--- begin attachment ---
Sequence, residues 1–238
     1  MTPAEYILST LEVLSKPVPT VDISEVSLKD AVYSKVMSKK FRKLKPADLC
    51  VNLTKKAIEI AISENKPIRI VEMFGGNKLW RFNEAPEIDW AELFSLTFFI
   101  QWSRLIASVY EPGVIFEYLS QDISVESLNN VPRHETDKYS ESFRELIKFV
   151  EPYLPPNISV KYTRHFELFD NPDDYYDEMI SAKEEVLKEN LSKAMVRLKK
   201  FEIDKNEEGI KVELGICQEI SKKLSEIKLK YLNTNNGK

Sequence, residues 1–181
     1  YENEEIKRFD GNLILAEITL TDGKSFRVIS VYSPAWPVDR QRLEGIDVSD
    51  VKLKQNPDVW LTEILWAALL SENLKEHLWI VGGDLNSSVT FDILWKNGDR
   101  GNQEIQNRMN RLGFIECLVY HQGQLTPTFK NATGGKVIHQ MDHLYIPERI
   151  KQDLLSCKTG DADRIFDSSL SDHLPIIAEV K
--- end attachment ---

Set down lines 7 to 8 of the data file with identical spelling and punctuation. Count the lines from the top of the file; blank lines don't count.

Sequence, residues 1–181
     1  YENEEIKRFD GNLILAEITL TDGKSFRVIS VYSPAWPVDR QRLEGIDVSD